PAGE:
As a fairly regular reader of your magazine I have been much interested in the remarks of correspondents concerning minor troubles on their new English cars. My own experiences may prove of interest to some, and I fear endorse the worst fears of other writers of the effect of such failures on the export market.
In May 1960 I purchased a new Austin 850. I had previously owned a 1952 A40 which behaved so well, within its capabilities, that I decided once more to “buy British.” My troubles began within a week of taking delivery when a leak appeared in the gas tank whilst on a trip to Ottawa. When I discovered the cause of the strong smell of gasoline, which had even got into the suitcases, I found between 2 and 3 inches of gas slopping about in the bottom of the trunk. Before all was put right once more I received a new spare tyre, battery and rear seat unit—all of which were utterly ruined. I also had to have the trunk repainted. Since this unfortunate incident I have had a new fuel pump, which tended to cease operation at the most embarrassing moments, one new rear shocker, 2nd gear replaced when the synchromesh failed, and a complete new exhaust manifold. The front left-side brake assembly was also replaced after it suddenly seized, causing me to broadside on a crowded highway. [The same thing happened to me on my way to Goodwood on Easter Monday, just after I had received a bill from B.M.C. for adjusting the brakes!—ED.J
Currently under impending negotiation is a new left-side front window—badly chipped, the left rear shocker which seems to be a chronic “rattler,” and the left rear brake drum, which jams solid every time the hand-brake is applied. Final items on this current list are that there is about an inch of lateral play on the steering column and that the replaced 2nd gear is undoubtedly suspect. Incidentally, I should like to make clear that all the above items replaced (and I hope those about to be so) were provided free under the warranty. I have no complaints in that quarter whatsoever, but even when it costs nothing it is still very inconvenient.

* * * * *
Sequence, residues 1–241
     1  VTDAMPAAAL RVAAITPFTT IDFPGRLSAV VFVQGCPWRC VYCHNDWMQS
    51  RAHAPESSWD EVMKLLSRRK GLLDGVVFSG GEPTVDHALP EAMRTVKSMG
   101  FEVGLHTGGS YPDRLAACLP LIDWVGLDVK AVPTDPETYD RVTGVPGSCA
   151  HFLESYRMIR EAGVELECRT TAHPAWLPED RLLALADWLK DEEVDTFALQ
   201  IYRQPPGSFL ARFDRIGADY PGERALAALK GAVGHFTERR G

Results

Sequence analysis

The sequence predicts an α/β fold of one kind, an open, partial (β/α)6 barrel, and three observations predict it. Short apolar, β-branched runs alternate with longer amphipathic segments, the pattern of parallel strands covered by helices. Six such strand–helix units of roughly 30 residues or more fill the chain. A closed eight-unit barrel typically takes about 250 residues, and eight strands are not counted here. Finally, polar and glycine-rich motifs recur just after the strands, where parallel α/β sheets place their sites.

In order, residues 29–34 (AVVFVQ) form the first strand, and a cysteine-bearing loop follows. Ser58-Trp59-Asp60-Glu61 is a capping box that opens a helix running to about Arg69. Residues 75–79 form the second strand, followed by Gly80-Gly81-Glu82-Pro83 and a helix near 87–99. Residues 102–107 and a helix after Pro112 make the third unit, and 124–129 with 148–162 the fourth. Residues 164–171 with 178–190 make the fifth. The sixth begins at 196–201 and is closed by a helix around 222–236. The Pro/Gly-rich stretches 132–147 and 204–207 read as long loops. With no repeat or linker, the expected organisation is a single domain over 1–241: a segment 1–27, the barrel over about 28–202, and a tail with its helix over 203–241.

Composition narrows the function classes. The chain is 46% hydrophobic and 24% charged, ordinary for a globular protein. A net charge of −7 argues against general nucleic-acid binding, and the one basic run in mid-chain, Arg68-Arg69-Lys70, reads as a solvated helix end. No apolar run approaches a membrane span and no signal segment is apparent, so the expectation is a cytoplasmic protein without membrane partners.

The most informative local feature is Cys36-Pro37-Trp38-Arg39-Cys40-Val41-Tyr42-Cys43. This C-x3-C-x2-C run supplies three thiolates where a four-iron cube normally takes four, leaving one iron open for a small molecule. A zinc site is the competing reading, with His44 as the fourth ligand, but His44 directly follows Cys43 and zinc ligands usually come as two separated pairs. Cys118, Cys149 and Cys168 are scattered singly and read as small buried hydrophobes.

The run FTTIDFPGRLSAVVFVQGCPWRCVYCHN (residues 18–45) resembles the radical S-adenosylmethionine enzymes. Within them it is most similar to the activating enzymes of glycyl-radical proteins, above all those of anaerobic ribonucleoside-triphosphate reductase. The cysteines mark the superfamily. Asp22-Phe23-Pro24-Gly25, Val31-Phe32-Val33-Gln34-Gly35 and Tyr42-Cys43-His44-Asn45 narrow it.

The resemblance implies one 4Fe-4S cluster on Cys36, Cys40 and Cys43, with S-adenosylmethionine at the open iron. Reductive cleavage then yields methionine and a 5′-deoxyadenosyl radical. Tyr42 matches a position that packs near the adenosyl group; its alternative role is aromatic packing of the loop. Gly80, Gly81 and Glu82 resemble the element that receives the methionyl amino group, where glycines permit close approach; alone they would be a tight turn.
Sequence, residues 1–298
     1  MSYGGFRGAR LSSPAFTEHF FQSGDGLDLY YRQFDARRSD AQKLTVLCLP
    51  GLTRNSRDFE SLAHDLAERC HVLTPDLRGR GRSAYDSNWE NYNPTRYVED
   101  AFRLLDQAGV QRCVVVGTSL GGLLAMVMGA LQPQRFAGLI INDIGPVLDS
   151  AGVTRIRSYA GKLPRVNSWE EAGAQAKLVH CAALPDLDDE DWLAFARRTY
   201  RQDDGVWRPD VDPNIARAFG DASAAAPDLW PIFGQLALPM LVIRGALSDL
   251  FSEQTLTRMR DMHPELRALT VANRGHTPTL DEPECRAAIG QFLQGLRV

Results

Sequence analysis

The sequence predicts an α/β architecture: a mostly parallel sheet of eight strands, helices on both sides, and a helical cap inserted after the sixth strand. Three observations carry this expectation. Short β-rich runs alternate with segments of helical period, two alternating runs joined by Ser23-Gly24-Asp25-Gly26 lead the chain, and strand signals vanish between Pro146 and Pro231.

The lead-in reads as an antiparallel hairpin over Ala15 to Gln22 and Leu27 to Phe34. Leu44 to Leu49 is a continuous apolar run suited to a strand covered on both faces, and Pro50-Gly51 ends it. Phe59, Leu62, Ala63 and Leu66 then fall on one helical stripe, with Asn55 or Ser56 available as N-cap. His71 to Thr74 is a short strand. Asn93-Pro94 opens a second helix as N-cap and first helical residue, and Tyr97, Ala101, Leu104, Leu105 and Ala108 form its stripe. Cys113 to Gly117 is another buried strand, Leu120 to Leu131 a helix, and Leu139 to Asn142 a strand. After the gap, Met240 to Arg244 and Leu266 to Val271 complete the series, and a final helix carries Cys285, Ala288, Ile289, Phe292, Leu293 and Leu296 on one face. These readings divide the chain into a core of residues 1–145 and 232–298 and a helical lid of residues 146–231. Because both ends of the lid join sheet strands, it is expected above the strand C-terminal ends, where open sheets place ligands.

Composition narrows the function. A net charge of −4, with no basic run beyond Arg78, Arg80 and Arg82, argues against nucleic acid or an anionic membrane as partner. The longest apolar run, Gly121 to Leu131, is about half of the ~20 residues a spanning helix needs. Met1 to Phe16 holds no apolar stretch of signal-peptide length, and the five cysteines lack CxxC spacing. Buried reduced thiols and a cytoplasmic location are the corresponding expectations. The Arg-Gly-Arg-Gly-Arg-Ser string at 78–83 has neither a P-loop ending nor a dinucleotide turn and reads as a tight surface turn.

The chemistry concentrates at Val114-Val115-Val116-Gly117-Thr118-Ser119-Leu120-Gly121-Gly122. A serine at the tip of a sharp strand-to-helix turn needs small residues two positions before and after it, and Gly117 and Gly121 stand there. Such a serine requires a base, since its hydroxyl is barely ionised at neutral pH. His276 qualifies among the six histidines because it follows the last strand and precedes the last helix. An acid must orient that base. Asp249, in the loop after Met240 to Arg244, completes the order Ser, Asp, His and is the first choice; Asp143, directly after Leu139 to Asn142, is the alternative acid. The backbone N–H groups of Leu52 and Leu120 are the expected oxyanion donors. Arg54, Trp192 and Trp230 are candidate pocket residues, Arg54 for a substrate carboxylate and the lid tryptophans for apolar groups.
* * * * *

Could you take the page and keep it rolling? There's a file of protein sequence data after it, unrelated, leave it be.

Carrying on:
Apart from the above, the little car has behaved admirably, and I have become so fond of her that I tend to look upon her failures as a sort of illness, which will soon be cured, and for which she is not responsible. She is great for city driving, with plenty of go and quite up to the 60 to 65 m.p.h. necessary on the big highways. The suspension is excellent and shows up very creditably on the none-too-smooth streets here. The only faults I can find in the design are the gear-change, which is not fun to use. The heater is pathetic, especially here where the temperature can go down to minus-12 and much colder further west.
I am certainly no ” bug lover ” and my wife and I would probably have to undergo a lengthy course of shock treatment before we could buy one. I am, however, finding it increasingly difficult to refute even the mildest of Wolfsburgphiles on quality or reliability. If they ever fit a gas gauge to the ” beetle ” I really will be in trouble. Perhaps this and the many other letters of complaint I have seen recently from people who have been ” once bitten, twice shy,” will make someone, somewhere, wake-up and put matters right. Time is running short, though.
I am, Yours, etc.,
Ontario. JOHN S. PURDON.